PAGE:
The raft sprung a leak in a "tire" just as he entered the Ocean Beach Marina. "Five hundred dollars for a raft and it leaks," he said, and continued his story. "I pull up and the cops are waiting. [They read press releases too.] I told the sergeant, 'I got a flat tire,' and he said, 'How can you have a flat tire? You're in a boat.' I said, 'It's not a boat; it's a raft.' Then he said, 'You're not allowed to dock a boat.' First he called it a boat; then he called it a raft; then he called it a car. Then he said it looked more like a '58 Cadillac to him, not a '59. Then I take a can of Coke out. I drink. 'Sir,' the sergeant said, 'you're not allowed to drink on the walkways or the dock.' I took a big sip of the Diet Coke." Then Mellis turned on his little radio. Then the police arrested him.

Meanwhile, a friend was videotaping Mellis while the Ocean Beach cops were videotaping Mellis' friend videotaping Mellis. He was taped as he was politely led off to station house by the beach, where he was issued three summonses and told to appear in village court the following Saturday at 10 a.m.

Mellis said he found it difficult to get a lawyer to come out to Fire Island at 10 a.m. on a summer Saturday for less than $2,500; so he asked for an adjournment. Then he asked for a few more. Then he received a letter dated Aug. 29 notifying him to be in court by Aug. 2. That one was easy to ignore. On Aug. 29, with the summer waning, the clerk of court issued a bench warrant for Mellis' arrest and "On September eighth, three cops came to my house, one with a gun drawn, and said, 'Are you Mr. Mellis? You're under arrest.' "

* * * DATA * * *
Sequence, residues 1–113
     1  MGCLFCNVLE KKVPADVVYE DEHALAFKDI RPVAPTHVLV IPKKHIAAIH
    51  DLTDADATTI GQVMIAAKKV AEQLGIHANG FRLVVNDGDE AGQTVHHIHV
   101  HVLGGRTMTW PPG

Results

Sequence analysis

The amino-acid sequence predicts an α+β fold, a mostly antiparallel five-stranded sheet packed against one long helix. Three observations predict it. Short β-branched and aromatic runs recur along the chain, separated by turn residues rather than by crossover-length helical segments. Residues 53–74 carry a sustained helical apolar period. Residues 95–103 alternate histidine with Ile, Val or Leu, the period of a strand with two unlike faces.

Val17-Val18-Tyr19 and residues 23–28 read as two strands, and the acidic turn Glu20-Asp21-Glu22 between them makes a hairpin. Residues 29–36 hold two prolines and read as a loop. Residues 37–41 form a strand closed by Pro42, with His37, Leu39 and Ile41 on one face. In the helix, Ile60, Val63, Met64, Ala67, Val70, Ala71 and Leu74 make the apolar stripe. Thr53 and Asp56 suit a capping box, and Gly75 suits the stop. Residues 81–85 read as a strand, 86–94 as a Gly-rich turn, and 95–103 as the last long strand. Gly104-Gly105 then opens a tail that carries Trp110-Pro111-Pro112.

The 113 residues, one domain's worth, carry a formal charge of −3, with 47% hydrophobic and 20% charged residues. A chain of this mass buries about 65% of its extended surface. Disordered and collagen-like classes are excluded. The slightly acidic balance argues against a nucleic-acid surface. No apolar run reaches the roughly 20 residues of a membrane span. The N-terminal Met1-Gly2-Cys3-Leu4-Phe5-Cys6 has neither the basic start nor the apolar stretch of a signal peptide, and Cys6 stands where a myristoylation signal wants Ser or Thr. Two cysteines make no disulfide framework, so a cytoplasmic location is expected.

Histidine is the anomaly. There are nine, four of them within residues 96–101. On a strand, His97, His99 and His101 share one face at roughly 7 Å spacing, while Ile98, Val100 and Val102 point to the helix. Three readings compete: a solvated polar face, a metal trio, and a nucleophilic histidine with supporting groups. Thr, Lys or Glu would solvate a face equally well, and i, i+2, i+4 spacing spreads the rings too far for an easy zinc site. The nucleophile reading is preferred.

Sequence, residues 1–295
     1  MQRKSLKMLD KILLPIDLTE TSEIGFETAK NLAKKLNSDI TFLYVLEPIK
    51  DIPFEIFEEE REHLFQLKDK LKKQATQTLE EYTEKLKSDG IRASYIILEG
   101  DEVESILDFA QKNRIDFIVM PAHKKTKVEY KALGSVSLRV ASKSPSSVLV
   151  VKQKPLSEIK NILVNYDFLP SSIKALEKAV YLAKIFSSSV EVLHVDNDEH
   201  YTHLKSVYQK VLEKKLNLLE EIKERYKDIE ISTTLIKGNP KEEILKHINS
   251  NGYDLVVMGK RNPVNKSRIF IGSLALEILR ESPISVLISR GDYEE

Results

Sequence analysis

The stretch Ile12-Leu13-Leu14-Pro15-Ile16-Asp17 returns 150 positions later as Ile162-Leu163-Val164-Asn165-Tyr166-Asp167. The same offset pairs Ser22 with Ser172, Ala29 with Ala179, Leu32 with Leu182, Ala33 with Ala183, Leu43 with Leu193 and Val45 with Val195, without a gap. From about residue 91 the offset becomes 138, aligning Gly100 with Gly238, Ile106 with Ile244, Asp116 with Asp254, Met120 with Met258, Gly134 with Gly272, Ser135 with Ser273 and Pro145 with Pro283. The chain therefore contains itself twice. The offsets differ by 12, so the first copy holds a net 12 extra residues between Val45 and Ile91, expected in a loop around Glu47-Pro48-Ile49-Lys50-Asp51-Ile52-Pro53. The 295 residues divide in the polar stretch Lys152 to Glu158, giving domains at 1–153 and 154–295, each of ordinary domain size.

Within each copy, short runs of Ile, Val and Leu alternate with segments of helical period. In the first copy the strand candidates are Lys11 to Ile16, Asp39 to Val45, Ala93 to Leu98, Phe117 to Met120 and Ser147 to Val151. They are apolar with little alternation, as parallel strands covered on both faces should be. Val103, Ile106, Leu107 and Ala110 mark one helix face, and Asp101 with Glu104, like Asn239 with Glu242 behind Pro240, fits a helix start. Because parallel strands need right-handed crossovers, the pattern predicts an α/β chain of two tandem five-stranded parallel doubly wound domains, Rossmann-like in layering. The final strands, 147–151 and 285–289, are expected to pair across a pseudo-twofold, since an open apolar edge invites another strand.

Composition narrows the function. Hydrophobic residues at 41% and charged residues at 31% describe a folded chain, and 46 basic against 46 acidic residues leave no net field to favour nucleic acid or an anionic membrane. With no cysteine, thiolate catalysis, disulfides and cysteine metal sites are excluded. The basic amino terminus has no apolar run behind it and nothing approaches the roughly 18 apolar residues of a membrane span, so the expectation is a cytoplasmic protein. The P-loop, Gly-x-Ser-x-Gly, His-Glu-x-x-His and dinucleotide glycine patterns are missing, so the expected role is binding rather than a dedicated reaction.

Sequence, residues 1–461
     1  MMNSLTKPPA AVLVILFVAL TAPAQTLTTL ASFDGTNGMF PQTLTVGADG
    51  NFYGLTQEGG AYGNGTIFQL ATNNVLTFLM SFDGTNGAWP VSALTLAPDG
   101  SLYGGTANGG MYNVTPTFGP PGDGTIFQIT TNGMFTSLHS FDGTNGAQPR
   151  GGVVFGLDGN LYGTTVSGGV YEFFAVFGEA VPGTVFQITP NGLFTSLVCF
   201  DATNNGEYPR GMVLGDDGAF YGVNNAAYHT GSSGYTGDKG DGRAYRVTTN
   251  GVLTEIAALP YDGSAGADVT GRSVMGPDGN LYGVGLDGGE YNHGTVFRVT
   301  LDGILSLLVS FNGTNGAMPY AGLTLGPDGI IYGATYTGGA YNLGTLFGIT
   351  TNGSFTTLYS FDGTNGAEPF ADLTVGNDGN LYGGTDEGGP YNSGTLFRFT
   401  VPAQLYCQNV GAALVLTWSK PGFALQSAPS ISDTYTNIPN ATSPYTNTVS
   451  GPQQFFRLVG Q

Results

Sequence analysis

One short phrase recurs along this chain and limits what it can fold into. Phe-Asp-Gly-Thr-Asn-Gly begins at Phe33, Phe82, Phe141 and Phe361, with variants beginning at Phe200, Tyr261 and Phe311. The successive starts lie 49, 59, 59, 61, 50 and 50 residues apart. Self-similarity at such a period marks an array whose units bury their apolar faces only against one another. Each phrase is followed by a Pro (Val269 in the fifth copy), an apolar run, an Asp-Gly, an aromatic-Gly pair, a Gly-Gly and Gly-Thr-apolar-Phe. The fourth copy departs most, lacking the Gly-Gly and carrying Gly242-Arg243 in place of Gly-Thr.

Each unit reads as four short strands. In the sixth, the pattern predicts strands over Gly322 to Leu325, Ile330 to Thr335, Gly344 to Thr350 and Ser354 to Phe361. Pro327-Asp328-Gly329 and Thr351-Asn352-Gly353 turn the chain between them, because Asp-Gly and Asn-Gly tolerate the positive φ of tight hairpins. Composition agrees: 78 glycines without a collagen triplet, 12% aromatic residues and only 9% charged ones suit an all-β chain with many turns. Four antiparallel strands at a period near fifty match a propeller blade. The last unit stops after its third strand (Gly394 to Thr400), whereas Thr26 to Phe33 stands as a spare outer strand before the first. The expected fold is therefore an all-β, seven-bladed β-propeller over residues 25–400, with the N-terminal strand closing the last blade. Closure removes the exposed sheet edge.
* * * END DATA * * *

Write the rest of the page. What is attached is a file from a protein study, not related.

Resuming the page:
For the right to give you and me the privilege of drinking Diet Coke on the walkways of Ocean Beach, Mellis spent 10 hours in jail.

He insisted on leading a tour of his legal passages. He showed me the wooden plank that was his bed in the cell. "They took my shoelaces. They took my eyeglasses," Mellis said.

"Standard procedure," Officer Bob Galoppi said. "If I didn't have to take people's shoes off, believe me, I wouldn't." He sniffed the air, pantomiming sneaker odor. "Gary had a point to prove, I had a job to do."

Notice, Gary and Officer Bob are on a first-name basis. Gary asked Bob if I could ride his police scooter. Bob said, "No bike riding 'til the second Friday in September."

Mellis went back to his story: The next morning, the cops asked him what he wanted for breakfast. He said eggs benedict; he got an egg on a roll and coffee.

Mellis led me to the little shingled courthouse where he was released on $ 200 bail. He returned in November, and Judge Joseph Russell denied his request to be represented by a public defender. Mellis is a record producer [the newest one is white rap, he said] and distributor of premiums. Russell convicted Mellis of all three offenses and fined him $ 650. That's $ 650 cash. No checks, no credit cards. The perp had to get his friend Giovanni, who owns a local restaurant, to cash his check.

"On the back of the summons it says fifty dollars for each violation," Mellis complained. "They said that's only if you plead guilty."

Mellis, the defender of the Bill of Rights, will never plead guilty. Mellis, the defender of the Bill of Rights, appealed. Presently the Appellate Term of the 9th and 10th Districts is determining whether it should vacate its own order dismissing the appeal, an order issued because Mellis didn't get his trial transcript on time. Or so he says. Norma Straub of Sayville, the court reporter, says she doesn't remember a problem with it. "There was a little mix-up in the beginning. But he said thank you when I sent it," Straub said.

It is heartening to know that even with the state of crime in the State of New York so threatening, the Appellate Term of the 9th and 10 Districts can find time to ponder a soda ban on Ocean Beach walkways at the behest of one of our ordinary citizens, Gary Mellis.

Nathan Hale and Rosa Parks couldn't have done more.